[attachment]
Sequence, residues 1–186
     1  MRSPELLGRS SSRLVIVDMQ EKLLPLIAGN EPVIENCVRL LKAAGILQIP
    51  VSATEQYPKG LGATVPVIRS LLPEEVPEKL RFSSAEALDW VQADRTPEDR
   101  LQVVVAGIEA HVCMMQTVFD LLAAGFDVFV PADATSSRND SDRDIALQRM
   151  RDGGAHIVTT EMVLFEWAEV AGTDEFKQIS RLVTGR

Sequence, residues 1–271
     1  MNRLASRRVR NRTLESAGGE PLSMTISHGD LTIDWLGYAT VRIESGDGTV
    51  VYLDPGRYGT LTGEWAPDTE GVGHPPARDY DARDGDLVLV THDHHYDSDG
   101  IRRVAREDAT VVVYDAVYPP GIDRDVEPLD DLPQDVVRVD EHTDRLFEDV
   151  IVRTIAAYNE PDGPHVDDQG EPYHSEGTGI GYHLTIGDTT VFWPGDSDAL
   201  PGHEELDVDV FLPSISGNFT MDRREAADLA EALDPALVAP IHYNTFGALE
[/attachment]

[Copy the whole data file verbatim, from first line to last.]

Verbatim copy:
Sequence, residues 1–186
     1  MRSPELLGRS SSRLVIVDMQ EKLLPLIAGN EPVIENCVRL LKAAGILQIP
    51  VSATEQYPKG LGATVPVIRS LLPEEVPEKL RFSSAEALDW VQADRTPEDR
   101  LQVVVAGIEA HVCMMQTVFD LLAAGFDVFV PADATSSRND SDRDIALQRM
   151  RDGGAHIVTT EMVLFEWAEV AGTDEFKQIS RLVTGR

Sequence, residues 1–271
     1  MNRLASRRVR NRTLESAGGE PLSMTISHGD LTIDWLGYAT VRIESGDGTV
    51  VYLDPGRYGT LTGEWAPDTE GVGHPPARDY DARDGDLVLV THDHHYDSDG
   101  IRRVAREDAT VVVYDAVYPP GIDRDVEPLD DLPQDVVRVD EHTDRLFEDV
   151  IVRTIAAYNE PDGPHVDDQG EPYHSEGTGI GYHLTIGDTT VFWPGDSDAL
   201  PGHEELDVDV FLPSISGNFT MDRREAADLA EALDPALVAP IHYNTFGALE